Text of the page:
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Man with autism who sued Disney theme park gets Feb. 18 trial date

The lawsuit was filed in 2014 after Disney changed its policy to ban people with disabilities from going to the front of the line.
Disney says the new policy is fair. “Disney Parks have an unwavering commitment to providing an inclusive and accessible environment for all our guests,” the company said in a statement last year.
Disney says the new policy is fair. “Disney Parks have an unwavering commitment to providing an inclusive and accessible environment for all our guests,” the company said in a statement last year. [ John Raoux | Associated Press ]
Published Oct. 2, 2019|Updated Oct. 2, 2019

ORLANDO, Fla. — After a five-year court battle, a federal lawsuit demanding that people with autism go the front of the line at Disney World rides is going to trial in February, a judge has ruled.

U.S. District Judge Anne Conway set a four-day, non-jury trial in Orlando to start Feb. 18, according to court documents filed last month.

The lawsuit involving a plaintiff identified only as “A.L.” was filed in 2014 after Disney changed its policy to ban people with disabilities from going to the front of the line. Reports had gone viral that some wealthy visitors abused the system by hiring guests with disabilities to accompany them to the front.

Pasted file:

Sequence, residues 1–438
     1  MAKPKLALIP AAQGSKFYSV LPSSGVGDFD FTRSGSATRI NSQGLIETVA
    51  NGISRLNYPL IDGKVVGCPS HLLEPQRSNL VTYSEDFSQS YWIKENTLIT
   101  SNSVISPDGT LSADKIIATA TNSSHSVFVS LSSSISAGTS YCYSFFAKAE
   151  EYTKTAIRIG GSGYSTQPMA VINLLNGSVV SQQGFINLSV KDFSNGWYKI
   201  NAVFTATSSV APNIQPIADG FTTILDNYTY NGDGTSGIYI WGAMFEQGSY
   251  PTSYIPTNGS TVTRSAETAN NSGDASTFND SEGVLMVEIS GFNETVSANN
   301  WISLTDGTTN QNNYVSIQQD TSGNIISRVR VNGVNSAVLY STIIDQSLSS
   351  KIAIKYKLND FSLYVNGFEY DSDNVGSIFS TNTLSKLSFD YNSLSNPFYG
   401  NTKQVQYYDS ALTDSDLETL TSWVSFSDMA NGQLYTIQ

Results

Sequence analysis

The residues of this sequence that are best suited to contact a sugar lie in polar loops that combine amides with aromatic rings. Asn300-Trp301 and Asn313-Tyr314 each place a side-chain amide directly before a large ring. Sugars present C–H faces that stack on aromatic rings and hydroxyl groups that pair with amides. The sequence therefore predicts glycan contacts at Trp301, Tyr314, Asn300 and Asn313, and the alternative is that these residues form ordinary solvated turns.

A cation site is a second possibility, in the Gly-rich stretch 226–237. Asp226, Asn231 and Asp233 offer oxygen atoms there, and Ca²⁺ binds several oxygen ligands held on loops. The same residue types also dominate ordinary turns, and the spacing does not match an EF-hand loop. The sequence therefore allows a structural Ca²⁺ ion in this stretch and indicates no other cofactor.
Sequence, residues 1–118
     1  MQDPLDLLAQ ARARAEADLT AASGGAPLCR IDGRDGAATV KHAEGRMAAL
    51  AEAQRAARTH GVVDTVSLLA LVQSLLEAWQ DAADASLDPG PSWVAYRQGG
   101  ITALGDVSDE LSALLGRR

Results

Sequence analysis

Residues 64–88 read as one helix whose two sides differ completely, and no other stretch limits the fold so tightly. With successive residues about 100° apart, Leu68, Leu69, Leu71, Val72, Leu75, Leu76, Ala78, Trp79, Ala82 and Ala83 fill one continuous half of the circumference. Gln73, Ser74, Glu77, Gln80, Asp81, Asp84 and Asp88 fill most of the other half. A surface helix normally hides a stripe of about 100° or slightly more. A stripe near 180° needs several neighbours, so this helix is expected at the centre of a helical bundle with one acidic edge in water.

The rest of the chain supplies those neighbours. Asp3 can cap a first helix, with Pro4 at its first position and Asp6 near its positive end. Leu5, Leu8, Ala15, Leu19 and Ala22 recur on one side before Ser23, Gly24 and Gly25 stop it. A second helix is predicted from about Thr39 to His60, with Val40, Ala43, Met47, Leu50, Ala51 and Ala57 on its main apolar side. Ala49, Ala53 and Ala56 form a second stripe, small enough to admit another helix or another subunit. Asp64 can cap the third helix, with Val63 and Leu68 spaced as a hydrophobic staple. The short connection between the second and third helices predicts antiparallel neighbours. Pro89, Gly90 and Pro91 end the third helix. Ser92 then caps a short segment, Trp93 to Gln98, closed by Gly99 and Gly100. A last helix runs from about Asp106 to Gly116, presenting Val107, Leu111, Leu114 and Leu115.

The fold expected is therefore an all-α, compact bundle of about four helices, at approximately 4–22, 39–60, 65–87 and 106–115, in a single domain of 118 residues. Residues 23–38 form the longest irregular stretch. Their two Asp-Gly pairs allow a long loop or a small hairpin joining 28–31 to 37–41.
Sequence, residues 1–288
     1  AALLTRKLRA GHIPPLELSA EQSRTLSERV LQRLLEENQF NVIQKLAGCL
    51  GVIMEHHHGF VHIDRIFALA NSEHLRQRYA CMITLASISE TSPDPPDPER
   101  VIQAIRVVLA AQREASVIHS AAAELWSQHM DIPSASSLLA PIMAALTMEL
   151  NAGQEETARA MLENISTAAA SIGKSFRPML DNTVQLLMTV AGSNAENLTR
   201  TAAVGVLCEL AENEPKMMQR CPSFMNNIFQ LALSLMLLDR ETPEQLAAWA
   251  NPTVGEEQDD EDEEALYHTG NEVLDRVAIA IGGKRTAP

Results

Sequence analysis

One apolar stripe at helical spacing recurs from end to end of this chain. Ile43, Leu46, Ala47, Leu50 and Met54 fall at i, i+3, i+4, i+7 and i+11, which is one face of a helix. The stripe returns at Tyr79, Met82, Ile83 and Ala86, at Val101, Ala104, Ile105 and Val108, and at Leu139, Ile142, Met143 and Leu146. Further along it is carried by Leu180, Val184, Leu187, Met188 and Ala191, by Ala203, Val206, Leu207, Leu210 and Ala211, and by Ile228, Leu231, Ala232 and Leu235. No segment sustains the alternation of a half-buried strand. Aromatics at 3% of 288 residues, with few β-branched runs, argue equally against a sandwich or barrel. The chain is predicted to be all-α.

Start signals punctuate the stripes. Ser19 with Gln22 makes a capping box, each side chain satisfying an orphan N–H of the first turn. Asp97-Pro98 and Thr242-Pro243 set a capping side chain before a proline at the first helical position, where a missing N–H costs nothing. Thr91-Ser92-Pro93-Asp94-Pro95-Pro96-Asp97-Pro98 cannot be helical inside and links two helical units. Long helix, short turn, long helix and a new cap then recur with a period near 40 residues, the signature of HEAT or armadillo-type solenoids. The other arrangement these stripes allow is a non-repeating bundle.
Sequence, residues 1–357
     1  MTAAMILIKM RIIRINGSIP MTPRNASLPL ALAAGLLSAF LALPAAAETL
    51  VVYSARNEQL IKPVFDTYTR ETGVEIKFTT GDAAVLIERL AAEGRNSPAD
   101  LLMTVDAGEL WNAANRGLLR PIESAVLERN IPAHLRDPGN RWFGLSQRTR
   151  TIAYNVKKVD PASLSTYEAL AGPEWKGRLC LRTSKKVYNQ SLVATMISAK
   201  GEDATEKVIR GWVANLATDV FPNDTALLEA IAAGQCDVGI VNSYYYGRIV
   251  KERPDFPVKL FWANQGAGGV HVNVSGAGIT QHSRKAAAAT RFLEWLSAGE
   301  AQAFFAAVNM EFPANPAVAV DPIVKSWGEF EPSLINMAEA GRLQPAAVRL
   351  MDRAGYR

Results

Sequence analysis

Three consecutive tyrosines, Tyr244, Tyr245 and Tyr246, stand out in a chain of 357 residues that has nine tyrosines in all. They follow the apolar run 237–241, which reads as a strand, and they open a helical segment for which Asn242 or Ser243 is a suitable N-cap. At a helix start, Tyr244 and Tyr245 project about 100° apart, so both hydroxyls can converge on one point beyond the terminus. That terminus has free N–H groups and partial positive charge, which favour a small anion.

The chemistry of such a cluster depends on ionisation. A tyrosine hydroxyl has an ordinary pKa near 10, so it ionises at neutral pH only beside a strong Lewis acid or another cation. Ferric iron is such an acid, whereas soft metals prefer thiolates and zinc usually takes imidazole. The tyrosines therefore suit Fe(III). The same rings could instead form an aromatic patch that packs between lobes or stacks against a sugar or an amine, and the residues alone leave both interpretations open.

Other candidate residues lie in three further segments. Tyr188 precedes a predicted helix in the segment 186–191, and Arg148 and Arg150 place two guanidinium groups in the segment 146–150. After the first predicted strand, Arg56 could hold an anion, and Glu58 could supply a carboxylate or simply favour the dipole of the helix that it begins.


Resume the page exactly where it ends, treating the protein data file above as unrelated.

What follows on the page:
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Now, Disney allows people with disabilities to reserve a ride in advance, like a FastPass, by using what’s called a Disability Access Service Card.

But advocates argue that under DAS Card, getting a return time is equivalent to a wait, and it becomes a struggle for those with severe autism who don’t understand the concept of time and are prone to meltdowns.

Disney says the new policy is fair. “Disney Parks have an unwavering commitment to providing an inclusive and accessible environment for all our guests,” the company said in a statement last year.

Autism is a developmental disability that affects people in different ways. The disease, which hits one out every 59 children, can affect people’s social skills or their ability or communicate. For A.L., he “was incapable of deviating from consistency, order, and routine,” the lawsuit said.

A.L., an Orange County man who was 22 when the lawsuit was first filed, followed a strict routine at the Magic Kingdom, traveling “in only one direction, stopping at only the same places, in the same order, every time.”

Last year, Tampa attorney Andy Dogali won a victory when a federal appeals court ruled the Disney lawsuits should be heard at trial.

Dogali said he does not expect to reach a settlement before the February trial after more than five years of legal fighting with Disney.

He currently represents 29 similar plaintiffs in Florida but only the case with A.L. has been set for trial.

Dogali also plans to go to trial March 31 in California in a similar legal fight over accommodations at Disney’s Anaheim parks, he said.

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